For eight summers now I have heard stories about Uther Pendragon. Eight times I’ve sat in our Council Ring as one of our two directors sits on a stump and tells about his out-of-wedlock meeting with the Duchess Igraine (set up by Merlin) that would eventually cause the birth of Arthur. And eight times, I’ve seen that story (appropriately) reenacted in our end-of-session play. And Uther is always played by a large boy with a booming voice. And he always wears a deep red cape and lion tunic.
The story of King Arthur’s rise and of the round table give a large portion of my camp, Geneva Glen, its structure. Beyond morning stories and all-camp plays, they give an analogy for us to talk about many of the values we hope to instill within our campers: courage, humility, love, etc. For the portion of our summer devoted to it, I eat, sleep, and breathe Knighthood, which made my recent trip to Canoe Island French Camp so odd.
The camp, which is located off Orkas Island (itself a ferry ride and couple of hours from Seattle), occupies the entire of a small Island and provides around fifty campers an experience centered on French language, culture, and cuisine. I happened to come during the tail end of their Knighthood-like session. Specifically, I got to be present for Theme Day—a sort of atypical, day-long station rotation. Among other things, the campers made cardboard shields and launched tennis balls into Styrofoam blocks (castle walls) using a homemade trebuchet. In fact, it was during that latter activity that one of the directors, Joseph, who was wearing a simple tunic and a headband, warned the children: “I’m Uther Pendragon. Stay back from the trebuchet when it’s firing, young knights!”
I don’t mean to create any hierarchy between our two camp’s enactments. I only mean to point out how wildly different tradition can function at camps. At Geneva Glen, Uther Pendragon is sort of revered—a mythical figure that when enacted is done so regally and with (often too much) bravado. At Canoe Island, he was a figure to be employed almost off-handedly.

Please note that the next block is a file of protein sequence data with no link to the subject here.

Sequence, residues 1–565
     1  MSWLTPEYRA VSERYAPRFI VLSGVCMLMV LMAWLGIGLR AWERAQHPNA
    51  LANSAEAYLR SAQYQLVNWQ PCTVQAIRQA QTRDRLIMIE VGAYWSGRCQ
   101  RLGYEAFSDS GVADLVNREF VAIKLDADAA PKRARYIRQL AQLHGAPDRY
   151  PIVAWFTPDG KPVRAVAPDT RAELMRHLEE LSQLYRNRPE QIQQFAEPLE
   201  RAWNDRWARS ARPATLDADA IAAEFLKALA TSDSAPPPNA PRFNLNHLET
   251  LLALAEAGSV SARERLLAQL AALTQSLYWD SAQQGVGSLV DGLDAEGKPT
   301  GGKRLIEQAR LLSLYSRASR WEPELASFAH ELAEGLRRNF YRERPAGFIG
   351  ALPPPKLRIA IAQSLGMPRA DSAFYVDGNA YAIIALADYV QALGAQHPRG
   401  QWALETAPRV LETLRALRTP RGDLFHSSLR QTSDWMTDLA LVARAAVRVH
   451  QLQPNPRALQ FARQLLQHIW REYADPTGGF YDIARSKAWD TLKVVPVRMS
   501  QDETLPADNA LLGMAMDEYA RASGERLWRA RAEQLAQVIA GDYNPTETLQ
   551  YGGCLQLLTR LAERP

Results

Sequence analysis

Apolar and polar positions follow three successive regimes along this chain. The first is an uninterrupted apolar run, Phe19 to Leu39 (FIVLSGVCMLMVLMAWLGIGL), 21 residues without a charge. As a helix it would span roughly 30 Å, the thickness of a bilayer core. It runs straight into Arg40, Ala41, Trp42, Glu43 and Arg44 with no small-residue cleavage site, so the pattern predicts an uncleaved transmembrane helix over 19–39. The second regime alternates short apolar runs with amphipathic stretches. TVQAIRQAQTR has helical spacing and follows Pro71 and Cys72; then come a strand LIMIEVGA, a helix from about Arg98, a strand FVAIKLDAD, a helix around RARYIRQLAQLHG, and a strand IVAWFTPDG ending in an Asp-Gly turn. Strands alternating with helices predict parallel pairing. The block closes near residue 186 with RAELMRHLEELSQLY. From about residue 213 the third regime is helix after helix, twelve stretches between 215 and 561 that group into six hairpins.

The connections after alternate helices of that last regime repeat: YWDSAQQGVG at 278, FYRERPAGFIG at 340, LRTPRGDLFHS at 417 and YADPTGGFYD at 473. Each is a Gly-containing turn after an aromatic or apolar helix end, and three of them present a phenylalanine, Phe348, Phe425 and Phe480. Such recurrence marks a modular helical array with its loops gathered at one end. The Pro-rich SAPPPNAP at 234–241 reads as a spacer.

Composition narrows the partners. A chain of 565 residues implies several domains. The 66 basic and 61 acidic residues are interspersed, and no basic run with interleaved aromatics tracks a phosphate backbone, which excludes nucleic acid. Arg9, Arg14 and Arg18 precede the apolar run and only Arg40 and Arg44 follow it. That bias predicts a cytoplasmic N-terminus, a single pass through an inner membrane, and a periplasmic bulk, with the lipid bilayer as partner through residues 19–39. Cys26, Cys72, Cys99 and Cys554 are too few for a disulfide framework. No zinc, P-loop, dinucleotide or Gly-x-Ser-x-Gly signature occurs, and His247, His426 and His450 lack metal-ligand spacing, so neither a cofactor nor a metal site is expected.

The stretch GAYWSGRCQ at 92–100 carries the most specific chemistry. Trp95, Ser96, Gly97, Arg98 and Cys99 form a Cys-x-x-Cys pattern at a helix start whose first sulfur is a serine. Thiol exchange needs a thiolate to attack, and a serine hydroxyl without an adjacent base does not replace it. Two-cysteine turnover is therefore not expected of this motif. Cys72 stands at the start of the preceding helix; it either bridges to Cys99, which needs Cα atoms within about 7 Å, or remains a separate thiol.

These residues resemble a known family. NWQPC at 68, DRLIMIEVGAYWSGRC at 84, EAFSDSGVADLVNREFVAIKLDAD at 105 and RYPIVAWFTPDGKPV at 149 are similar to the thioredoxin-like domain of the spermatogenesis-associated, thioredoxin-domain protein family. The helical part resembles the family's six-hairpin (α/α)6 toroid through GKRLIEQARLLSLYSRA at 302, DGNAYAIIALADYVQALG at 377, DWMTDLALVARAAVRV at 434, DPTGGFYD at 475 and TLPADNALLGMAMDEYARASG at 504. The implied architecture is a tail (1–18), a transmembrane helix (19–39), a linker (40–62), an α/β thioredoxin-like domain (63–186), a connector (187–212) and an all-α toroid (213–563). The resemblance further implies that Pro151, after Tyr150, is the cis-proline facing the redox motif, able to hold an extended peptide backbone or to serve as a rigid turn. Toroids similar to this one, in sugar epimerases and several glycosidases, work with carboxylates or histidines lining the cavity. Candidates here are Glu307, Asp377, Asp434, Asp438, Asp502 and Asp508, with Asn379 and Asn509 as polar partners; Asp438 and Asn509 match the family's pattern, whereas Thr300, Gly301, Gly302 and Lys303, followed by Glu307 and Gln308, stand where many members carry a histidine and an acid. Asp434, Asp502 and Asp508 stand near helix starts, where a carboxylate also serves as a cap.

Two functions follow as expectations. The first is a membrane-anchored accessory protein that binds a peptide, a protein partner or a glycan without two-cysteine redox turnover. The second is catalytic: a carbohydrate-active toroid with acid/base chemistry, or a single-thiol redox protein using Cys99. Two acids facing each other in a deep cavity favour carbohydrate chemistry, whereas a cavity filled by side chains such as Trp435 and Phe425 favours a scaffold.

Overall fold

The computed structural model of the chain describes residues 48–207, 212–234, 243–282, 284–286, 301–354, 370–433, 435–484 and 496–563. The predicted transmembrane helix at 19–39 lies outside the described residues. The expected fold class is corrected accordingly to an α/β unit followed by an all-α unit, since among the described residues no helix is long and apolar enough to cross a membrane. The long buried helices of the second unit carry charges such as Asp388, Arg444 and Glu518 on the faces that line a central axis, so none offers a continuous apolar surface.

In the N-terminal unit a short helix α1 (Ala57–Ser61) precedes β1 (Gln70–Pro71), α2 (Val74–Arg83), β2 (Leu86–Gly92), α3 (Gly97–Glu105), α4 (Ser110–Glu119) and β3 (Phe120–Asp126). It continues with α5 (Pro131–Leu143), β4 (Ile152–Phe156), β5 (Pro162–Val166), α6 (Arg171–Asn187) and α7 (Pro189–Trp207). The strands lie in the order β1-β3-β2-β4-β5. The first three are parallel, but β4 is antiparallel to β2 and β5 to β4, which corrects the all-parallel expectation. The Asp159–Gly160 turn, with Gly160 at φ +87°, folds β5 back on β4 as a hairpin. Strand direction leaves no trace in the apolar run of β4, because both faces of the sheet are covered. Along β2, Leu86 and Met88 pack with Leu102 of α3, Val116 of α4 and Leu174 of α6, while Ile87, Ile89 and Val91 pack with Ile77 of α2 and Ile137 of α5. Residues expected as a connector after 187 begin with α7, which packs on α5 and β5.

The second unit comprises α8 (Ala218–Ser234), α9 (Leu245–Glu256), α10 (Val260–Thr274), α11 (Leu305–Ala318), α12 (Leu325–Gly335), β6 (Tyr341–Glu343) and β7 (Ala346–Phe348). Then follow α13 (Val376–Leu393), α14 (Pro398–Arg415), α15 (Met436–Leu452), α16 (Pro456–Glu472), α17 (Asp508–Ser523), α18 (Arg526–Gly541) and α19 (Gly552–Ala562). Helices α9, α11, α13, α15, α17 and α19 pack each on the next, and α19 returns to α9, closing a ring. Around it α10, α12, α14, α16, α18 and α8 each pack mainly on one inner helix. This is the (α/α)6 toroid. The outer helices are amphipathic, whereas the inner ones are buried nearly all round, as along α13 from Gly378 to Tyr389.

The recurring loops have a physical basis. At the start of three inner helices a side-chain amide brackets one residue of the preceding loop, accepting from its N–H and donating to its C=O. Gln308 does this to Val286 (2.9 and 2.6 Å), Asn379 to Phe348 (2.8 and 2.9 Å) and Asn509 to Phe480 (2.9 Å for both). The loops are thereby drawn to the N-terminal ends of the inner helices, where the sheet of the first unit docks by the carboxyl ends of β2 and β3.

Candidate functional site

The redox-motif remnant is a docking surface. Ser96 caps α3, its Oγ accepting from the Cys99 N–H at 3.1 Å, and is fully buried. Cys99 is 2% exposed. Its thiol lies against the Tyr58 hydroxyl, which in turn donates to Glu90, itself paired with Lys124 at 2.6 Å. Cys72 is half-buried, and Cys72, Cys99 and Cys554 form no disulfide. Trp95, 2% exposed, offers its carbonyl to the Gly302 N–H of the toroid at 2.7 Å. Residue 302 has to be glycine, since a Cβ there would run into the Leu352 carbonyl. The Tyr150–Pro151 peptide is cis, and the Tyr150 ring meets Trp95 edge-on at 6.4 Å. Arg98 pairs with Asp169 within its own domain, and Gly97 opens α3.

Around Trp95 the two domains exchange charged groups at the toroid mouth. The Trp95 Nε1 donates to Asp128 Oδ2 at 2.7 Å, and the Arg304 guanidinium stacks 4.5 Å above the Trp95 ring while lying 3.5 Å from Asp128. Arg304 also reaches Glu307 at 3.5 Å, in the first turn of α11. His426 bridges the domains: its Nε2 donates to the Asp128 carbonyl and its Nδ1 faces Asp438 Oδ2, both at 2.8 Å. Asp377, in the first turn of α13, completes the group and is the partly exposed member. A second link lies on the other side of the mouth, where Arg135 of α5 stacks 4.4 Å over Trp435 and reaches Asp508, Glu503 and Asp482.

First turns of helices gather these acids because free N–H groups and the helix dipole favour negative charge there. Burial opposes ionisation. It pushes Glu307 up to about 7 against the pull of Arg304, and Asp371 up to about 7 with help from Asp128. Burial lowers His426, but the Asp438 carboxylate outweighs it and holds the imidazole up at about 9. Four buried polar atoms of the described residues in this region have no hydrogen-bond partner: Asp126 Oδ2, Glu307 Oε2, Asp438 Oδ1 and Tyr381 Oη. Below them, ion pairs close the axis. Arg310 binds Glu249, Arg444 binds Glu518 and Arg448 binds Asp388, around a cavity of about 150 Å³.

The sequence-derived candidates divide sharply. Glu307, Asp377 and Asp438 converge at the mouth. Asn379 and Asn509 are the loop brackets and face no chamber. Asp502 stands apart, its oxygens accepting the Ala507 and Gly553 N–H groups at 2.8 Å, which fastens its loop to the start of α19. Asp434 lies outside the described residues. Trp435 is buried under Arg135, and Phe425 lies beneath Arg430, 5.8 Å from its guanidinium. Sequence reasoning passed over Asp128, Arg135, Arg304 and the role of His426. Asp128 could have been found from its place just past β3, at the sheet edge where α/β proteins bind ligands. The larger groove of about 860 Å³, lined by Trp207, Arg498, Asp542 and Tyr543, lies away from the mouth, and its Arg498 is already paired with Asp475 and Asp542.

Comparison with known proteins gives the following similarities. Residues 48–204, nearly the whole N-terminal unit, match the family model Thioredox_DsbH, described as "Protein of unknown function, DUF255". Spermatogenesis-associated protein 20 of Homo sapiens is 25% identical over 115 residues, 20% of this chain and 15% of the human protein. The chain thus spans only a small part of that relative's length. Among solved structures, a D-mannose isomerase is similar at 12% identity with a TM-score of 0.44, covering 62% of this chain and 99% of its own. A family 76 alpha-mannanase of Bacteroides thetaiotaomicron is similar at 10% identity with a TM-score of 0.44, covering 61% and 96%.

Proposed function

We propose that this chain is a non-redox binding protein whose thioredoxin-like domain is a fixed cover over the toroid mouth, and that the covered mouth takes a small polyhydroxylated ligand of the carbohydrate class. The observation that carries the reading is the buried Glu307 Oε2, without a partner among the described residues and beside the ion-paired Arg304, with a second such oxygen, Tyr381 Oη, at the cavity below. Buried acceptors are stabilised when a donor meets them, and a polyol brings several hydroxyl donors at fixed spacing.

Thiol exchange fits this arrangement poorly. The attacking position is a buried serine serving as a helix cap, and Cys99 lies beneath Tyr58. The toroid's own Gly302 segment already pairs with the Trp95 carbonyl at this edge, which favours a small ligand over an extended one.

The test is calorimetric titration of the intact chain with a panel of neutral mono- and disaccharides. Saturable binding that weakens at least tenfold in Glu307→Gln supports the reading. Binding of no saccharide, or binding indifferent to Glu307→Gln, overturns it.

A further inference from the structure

I have run into this phenomena so often at all of these camps. Whereas at one camp, dinner is a quiet and sacred meal, I’ve seen others with dinner is filled with all of camp’s banter. While at some camps, the flagpole is hardly ever given a single thought, other camps have flag raising and lowering ceremonies daily. What’s odd though, is that nearly every camp has access to the same kinds of spaces and themes: a central campfire, a dining hall, an American history theme, etc. It’s just that those involved with the camp have hyper-specific and hyper-distinct ways of giving meaning to those spaces and themes. It’s kind of reaffirming, in a way, to know that for every way we choose to understand a space or a theme or even a character is fluid, is always up for debate and thereby demands summer-by-summer reaffirmation.